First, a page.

Detroit Firefighters Respond to Aircraft in Distress

On Wednesday March 11 around 1:15 p.m., Detroit City Airport Tower requested a fire department standby for the inbound aircraft emergency, Cessna type aircraft with one soul on board.

The pilot had declared an emergency while setting up to land because one of his landing gear had not deployed. The pilot made several passes on runway 7 so the tower could visualize if his landing gear was stowed or deployed. He stated that he had approximately one hour of fuel left and was attempting to burn off as much as possible before attempting an emergency landing. During the passes, the tower notified the pilot that his right rear gear was down but not locked.

Detroit Fire Communications dispatched four engines, two ladders, two squads and a battalion chief initially on the run. However, E20, the airport crash rig, initially did not respond because it was closed due to manpower.

After receiving a briefing from city airport, Chief 9 advised Central Office that he was declaring this incident a Haz-Mat Level 3. He requested that Central find a Certified Airport FEO to fill E20's quarters and put the airport crash rig in service.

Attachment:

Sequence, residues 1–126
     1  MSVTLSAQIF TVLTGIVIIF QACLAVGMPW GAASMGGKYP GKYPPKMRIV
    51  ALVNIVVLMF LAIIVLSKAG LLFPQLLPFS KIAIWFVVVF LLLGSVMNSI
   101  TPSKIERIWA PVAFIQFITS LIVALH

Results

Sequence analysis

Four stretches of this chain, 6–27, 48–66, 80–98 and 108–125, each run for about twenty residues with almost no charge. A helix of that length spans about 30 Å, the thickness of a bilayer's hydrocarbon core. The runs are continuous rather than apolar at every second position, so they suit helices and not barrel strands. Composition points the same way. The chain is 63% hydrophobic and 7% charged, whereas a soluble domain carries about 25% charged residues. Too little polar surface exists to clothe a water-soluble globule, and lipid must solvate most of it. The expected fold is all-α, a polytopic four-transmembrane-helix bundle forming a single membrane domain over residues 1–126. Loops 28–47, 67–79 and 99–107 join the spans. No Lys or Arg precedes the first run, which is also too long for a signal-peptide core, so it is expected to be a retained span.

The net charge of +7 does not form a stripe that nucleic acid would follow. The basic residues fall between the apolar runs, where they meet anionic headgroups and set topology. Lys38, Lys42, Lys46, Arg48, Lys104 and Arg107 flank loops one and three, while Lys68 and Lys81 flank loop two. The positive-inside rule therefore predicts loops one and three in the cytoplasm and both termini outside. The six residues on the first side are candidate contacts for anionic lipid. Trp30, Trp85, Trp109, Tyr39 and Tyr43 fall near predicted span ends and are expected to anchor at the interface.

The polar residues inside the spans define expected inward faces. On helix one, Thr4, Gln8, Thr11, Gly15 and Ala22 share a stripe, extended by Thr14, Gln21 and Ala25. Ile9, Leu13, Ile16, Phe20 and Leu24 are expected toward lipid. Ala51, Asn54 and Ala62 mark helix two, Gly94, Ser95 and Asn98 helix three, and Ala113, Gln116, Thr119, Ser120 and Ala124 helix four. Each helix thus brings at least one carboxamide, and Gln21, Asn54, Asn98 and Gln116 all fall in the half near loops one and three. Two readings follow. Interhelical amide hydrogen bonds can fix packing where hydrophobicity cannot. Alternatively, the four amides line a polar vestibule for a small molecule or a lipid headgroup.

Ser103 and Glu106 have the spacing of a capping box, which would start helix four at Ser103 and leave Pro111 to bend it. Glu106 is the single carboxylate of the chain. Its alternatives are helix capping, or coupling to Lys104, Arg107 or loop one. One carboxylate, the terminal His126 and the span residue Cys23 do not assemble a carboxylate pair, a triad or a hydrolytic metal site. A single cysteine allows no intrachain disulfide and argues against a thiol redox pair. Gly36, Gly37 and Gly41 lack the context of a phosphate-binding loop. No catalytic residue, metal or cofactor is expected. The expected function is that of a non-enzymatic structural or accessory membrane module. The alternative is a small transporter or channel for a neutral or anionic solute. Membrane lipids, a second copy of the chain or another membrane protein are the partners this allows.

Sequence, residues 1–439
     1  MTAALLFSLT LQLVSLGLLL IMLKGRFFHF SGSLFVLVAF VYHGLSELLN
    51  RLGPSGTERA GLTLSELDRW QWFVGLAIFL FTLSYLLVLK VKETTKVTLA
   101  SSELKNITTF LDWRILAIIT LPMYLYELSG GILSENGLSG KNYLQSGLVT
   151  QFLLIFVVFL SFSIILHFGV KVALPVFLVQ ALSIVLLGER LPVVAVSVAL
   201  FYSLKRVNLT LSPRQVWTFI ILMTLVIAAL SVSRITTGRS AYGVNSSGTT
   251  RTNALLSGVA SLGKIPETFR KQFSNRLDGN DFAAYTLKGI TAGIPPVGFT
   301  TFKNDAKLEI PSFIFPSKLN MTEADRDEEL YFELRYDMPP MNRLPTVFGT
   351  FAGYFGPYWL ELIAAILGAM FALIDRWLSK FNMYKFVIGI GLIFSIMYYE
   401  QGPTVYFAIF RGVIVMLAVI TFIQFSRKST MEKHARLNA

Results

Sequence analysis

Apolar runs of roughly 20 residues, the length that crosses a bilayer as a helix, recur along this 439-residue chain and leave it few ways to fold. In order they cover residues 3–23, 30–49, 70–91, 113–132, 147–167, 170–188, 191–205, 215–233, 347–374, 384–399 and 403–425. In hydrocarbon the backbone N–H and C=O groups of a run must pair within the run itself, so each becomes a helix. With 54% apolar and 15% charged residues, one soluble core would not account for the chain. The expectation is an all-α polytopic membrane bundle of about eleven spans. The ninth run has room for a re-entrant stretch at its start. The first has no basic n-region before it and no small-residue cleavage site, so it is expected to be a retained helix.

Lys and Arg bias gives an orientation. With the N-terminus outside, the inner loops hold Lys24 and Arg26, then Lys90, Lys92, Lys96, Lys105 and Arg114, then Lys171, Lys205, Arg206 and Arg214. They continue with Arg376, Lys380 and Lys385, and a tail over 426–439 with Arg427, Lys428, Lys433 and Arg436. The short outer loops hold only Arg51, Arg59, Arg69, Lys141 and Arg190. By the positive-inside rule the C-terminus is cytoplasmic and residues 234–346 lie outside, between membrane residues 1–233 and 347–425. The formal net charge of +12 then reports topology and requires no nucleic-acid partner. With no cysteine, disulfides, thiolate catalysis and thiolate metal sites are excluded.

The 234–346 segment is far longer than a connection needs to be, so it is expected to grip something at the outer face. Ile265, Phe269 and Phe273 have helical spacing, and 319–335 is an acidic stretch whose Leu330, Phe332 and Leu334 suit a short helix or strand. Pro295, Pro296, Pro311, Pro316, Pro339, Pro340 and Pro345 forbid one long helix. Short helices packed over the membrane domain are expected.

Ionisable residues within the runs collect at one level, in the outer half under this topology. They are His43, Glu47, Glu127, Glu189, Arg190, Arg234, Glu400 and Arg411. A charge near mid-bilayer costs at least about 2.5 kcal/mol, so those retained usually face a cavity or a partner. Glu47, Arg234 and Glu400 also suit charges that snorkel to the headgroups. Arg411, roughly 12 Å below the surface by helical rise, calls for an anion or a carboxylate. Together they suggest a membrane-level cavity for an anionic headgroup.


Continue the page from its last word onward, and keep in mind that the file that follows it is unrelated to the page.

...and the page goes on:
He also requested Detroit Police to close Conner Avenue between Gratiot to the south and McNichols (6 Mile) to the north.

After approximately a half hour of circling the airport the pilot made to the decision to make an emergency landing. He requested runway 33 due to the crosswind effect. He wanted to land on his nose and left gear hoping the wind out of the west would keep his right side elevated until he could slow down trying to minimize the damage to the aircraft.

The aircraft landed on runaway 33 around 2 p.m. He was able to maintain control of the aircraft through the initial landing but spun off into the grass between the runway and taxiway. The pilot was not injured and walked away from the incident.

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